Tag Archives: Art Knowledge News

Museums onscreen: Google Art Project

UPDATE: The New York Times’ Roberta Smith took the Art Project on a long test drive and filed this excellent report on what works well and what still needs to be done, emphasizing that this is very much a work in progress.

"The Harvesters," by Pieter Bruegel the Elder," Metropolitan Museum of Art. Detail from Google Art Project.

By Bob Hicks

Say you have a hankering to see Hans Holbein the Younger‘s portrait The Merchant Georg Gisze but you just can’t get away to Berlin today to see it where it hangs, in the Gemäldegalerie.

You can always go online. But chances are that when you find it, the image will be pretty poor quality. And what if you want to examine it closely, to see Holbein’s brushstrokes or the effects of craquelure?

Then you might want to check out the new Google Art Project, which is bringing gallery tours and specific artworks together from 17 major international institutions, including the Gemaldegalerie. Not every great museum is on this list, but the 17 are pretty impressive.

Continue reading Museums onscreen: Google Art Project

It’s a new year, Scatterers: Think outside the box

Pere Borell del Caso, Escaping Criticism, 1874. Madrid, Banco de España. From artdaily.org

Sometimes you write a post purely as an excuse to run a picture you’ve fallen in love with. This is one of those times.

That kid crawling out of the picture frame is from an 1874 trompe l’oiel painting by Pere Borell del Caso, and he lives at the Banco de Espana in Madrid. The title of the painting? Escaping Criticism. Seems Pere Borell had some issues with the nattering nabobs of the press, and he whipped up a pretty foolproof case for himself.

Escaping Criticism is part of the exhibit Genuine Illusions: The Art of Trompe-l’oiel, which opens Feb. 13 at the Bucerius Kunst Forum in Hamburg. Besides fooling the eye, trompe-l’oiel is about wit: It has fun fooling you, and you have fun back. Critics be damned, right, kid?

Read more about it at Art Knowledge News.


A couple of weeks ago the Oregon Jewish Museum reopened in new, much bigger quarters on Northwest Kearney Street in Portland, and I wrote about it in last Friday’s A&E section of The Oregonian. You can read that story, which discusses the new space’s first big show, The Shape of Time, here.

One thing I didn’t mention in that story: The museum shares a parking lot with its neighbor ComedySportz. Culture is all about collaboration these days, so think of the possibilities. Jewish humor is vital to the American comedy scene — it’s almost as if Jews invented American comedy, especially the urban variety. What might the Jewish Museum and the improvimaniacs at ComedySportz cook up besides parking Priuses if they really got their heads together?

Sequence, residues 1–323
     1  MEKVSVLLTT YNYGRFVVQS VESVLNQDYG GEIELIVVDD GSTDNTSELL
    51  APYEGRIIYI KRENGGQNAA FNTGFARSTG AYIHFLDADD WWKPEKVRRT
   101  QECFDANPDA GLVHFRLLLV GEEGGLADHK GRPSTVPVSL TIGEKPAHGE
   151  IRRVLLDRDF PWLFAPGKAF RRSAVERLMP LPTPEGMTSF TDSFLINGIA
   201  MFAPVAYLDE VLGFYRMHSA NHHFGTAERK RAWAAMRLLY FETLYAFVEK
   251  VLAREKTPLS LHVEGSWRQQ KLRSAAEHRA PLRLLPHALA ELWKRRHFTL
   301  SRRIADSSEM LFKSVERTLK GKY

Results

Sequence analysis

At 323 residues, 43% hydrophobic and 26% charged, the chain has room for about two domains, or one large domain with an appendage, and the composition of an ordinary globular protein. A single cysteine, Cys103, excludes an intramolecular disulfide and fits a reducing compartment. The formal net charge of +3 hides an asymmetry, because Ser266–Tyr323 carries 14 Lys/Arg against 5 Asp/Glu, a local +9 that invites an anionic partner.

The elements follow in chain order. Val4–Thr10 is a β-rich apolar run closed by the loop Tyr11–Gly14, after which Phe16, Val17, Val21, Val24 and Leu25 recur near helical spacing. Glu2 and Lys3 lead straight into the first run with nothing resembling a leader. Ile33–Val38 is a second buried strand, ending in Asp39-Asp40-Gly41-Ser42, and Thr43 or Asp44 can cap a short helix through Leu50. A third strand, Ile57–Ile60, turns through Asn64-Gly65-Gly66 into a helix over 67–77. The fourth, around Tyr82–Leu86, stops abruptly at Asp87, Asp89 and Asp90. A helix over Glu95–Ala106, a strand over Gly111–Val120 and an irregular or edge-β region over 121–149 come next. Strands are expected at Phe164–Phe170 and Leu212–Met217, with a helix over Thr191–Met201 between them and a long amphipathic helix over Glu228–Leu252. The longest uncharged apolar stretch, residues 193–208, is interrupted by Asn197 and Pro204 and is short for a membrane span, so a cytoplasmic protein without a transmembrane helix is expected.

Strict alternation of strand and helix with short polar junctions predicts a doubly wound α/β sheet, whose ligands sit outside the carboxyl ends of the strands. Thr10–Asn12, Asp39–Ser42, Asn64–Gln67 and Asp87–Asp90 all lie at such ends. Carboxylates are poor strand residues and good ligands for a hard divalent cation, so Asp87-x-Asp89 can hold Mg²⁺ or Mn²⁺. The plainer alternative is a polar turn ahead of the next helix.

Just a thought.

Monday event: I met a traveller from an antique land

UPDATE: Ixnay on Thursday’s bell-tower raising. Word arrives that the tower hoist at Central Lutheran Church (see below) has been postponed a couple of weeks because of some last-minute troubles that the structural engineers will have to sort out. Something about board & batten siding and a connectivity issue. Sidewalk superintendents will need to rejigger their schedules.

Harald Schmitt's 1991 photo of Lenin deposed.

China Design Now, the big exhibit from the Victoria and Albert Museum about the waking of the sleeping giant, opens Saturday at the Portland Art Museum, and that’s got me thinking about the rise and fall and rise of civilizations.

We are at war in the Tigris and Euphrates, the once-verdant “cradle of civilization.” We are also at war in Afghanistan, the destroyer of empires. More pragmatic Americans, looking to the inevitable shift of world power toward the east, are trying to figure out a best-scenario future that has us looking something like Scandinavia or the Netherlands. Russia, so recently brought low, is still a shambles but is beginning to shake its fist again.

This morning I ran across the compelling image above on Art Knowledge News, announcing a show at the Martin-Gropius-Bau in Berlin of photographs by Harald Schmitt, who documented the social turmoil in Eastern Europe and China in the latter 20th century. This one, taken in Vilius, Lithuania, is titled simply Lenin, thrown from the pedestal.

And that reminded me of another visit from a ghost of empire, this one in a famous poem by Percy Bysshe Shelley, written in 1818. Happy Monday! Anybody feeling heroic?


I met a traveller from an antique land
Who said: Two vast and trunkless legs of stone
Stand in the desert. Near them, on the sand,
Half sunk, a shatter’d visage lies, whose frown
And wrinkled lip, and sneer of cold command
Tell that its sculptor well those passions read
Which yet survive, stamp’d on these lifeless things,
The hand that mocked them and the heart that fed.
And on the pedestal these words appear:
“My name is Ozymandias, king of kings:
Look on my works, ye Mighty, and despair!”
Nothing beside remains. Round the decay
Of that colossal wreck, boundless and bare,
The lone and level sands stretch far away.


n16769Also fast approaching for Portlanders is Wordstock, the celebration of writing that sprawls over the Oregon Convention Festival this weekend. And that got me to thinking about the series of fine profiles written lately by Jeff Baker, The Oregonian’s book editor and lead critic, of some key Northwest writers. If you’ve missed them, they’re well worth your time. Baker has a way of opening up a writer’s heart and mind:

  • Tess Gallagher, the fine poet, who lives in Port Angeles and still guards the legacy of her late husband Raymond Carver while continuing to expand her own rich body of work. Read it here.
  • Portlander Katherine Dunn, maybe the world’s greatest writer about the art of boxing, whose struggles with her long-awaited next novel are legendary in literary circles. Read it here.
  • Seattle’s Sherman Alexie, maybe the best-known Native American writer alive, who likes a good laugh and loves a good fight. Read it here.